EXQUISITE HEALTHY HOTPOTS FROM TAIWAN
Hotpot is enjoyed all year round in Hong Kong, and there’s always a hotpot restaurant nearby even in the heart of the city. Recently, a renowned restaurant originated from Taiwan known for its original take on hotpot dishes has been attracting attention. Situated in Harbour City, Tsim Sha Tsui, Quan Alley has pushed the traditional hotpot to a new level with its ingredients delicately and artistically plated, and Chinese herbal medicine added into the soup bases. The “Oriental Beautyˮ soup base from Quan Alley’s signature combination pot, for example, is a soup base that not only good to the taste, but also nourishes the body with a variety of Chinese herbal medicine.
- Quan Alley was founded by Mr. Dai Shicheng from Shilin District, Taipei in 2012.
Before the restaurant started to operated, he spent two years preparing and designing
dishes, hoping that the customers would not only taste a good hotpot with ordinary
ingredients, but rather high-quality, exquisite, and handmade with the utmost skill, for
an ultimate hotpot feast. This hotpot restaurant in Taipei, first started as an unassuming
shop down a narrow alley, has now developed and grown rapidly over the last five years
with 3 branches. Good, old-fashioned, word-of-mouth has brought it to the attention
of famous brands such as Tripodking and Wulao Hotpot. In addition to the quality
of the food, the restaurant also pays great attention to the dining environment and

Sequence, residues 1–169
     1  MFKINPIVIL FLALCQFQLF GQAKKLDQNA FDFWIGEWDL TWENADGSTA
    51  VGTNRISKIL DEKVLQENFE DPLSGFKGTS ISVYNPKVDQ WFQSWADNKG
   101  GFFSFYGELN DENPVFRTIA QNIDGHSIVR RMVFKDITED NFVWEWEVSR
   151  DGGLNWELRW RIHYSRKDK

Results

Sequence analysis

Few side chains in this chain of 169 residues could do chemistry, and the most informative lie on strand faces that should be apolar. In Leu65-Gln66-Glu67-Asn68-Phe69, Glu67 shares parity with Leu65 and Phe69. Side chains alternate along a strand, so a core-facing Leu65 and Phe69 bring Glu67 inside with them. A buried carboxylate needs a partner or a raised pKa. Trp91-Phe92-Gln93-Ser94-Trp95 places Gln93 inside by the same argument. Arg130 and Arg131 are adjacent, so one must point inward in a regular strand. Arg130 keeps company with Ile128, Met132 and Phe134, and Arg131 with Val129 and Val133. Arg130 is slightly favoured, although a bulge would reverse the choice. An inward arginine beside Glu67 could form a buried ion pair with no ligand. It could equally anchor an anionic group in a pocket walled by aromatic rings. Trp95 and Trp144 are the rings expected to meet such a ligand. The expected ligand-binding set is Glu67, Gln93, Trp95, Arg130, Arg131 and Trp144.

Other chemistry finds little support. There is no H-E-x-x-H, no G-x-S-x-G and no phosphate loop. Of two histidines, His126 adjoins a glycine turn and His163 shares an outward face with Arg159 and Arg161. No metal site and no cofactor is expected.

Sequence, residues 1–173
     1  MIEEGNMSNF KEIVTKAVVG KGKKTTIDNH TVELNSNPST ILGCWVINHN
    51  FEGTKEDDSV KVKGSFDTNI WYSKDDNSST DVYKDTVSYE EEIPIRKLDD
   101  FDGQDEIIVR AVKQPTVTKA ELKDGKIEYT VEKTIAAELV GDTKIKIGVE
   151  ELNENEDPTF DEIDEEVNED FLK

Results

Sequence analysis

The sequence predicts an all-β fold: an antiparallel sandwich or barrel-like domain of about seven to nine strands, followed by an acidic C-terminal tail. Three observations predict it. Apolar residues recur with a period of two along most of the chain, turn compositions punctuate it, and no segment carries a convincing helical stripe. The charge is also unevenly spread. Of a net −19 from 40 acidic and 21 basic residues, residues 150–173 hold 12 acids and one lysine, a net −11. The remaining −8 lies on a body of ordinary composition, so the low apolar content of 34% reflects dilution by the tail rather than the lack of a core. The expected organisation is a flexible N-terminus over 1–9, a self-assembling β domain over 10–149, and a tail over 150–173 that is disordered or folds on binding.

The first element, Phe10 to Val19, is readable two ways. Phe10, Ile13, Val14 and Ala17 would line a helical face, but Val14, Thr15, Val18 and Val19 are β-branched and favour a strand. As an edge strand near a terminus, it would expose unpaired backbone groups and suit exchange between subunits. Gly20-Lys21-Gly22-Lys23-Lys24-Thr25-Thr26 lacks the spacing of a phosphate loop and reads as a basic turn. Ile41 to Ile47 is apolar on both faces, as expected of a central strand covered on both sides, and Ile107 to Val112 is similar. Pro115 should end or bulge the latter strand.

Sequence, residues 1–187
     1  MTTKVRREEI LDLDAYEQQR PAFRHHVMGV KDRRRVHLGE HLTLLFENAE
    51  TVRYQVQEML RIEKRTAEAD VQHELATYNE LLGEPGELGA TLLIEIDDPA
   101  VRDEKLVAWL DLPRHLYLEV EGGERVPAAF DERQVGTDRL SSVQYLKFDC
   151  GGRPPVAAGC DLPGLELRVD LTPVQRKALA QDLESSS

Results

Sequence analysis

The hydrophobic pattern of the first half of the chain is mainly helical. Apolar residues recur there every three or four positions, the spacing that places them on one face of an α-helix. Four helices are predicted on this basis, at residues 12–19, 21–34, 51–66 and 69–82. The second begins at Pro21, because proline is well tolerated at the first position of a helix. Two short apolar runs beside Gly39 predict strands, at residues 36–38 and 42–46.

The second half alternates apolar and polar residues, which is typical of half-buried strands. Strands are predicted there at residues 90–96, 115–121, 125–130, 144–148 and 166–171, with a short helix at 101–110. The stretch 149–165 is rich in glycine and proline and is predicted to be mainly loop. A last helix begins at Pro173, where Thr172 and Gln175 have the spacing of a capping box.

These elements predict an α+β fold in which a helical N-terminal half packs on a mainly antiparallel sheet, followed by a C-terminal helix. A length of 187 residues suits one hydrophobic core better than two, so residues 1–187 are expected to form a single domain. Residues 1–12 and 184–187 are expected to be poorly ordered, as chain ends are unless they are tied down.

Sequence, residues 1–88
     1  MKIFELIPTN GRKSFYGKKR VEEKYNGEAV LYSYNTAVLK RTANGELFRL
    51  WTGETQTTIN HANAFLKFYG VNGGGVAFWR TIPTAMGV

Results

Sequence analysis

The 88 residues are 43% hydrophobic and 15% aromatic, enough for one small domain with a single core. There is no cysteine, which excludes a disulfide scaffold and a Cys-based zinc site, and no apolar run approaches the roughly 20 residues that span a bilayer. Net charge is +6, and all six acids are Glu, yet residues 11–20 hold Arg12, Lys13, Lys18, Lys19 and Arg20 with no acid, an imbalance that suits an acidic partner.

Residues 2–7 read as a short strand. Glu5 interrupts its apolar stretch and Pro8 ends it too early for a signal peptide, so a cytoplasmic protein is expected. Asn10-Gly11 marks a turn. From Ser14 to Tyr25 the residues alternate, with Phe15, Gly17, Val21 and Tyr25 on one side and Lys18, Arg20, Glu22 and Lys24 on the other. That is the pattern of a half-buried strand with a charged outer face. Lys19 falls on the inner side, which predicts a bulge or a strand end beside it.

atmosphere. The nostalgic theme of the decoration has brought a century-old house
door from Lukang, Taiwan to the Hong Kong branch. Shipped from Taiwan to Hong
Kong, this original showpiece, alongside an antique piano and other smaller pieces
scattered about the restaurant, has created a tremendous impression, displaying the
founder’s commitment in focusing on the importance of customers dining experience.
“I hope that the hackers can enjoy the
exquisite dishes made by hand and
skill, and enjoy a hot pot feast.”
- First time stepping out of Taiwan to Hong Kong, the design and presentation of the dishes is definitely meticulous. The “reunion pots”, specially designed and hand-casted, worth around 1.2 million Hong Kong dollars, are full of circular vents that allow heat and light to pass through it and cast a pleasant circle of light on the table. The soup base itself is ingenious. The signature combination pot is slowed cooked with ingredients such as pork bones, pork knuckles, red dates, lotus seeds, lilies, etc. along with spices like fresh Sichuan peppercorn, chili bean sauce and pepper, and at least ten kinds of Chinese herbal medicine. This nourishing soup base is a beauty, red clay coloured, numbing but not too spicy. The finished broth is rich in layers, enjoyable even for those not usually partial to spicy foods. Beyond the signature hotpots, every dish here is a work of art.
Ibérico ham from Vallée de Los Pedroches was also exquisite. Its hind legs are air-dried for 60 months, meaning that the colour is redder and leaner than the ham from Los Pedroches, and making the texture chewier, and the flavour richer. We were informed that to enjoy the ham at its best, we should eat it right after it had been freshly sliced, and of course, if you are taking it home, it should be consumed within a month for optimum flavour and quality.
Quan Alley HK
Address: Shop OT G57, G/F, Ocean Building, Harbour City, Tsim Sha Tsui
Opening hour: 12:30 – 15:30, 17:30 – 22:00
Telephone: 3188 2840
Parking: Harbour City Ocean Terminal ($26 per hour)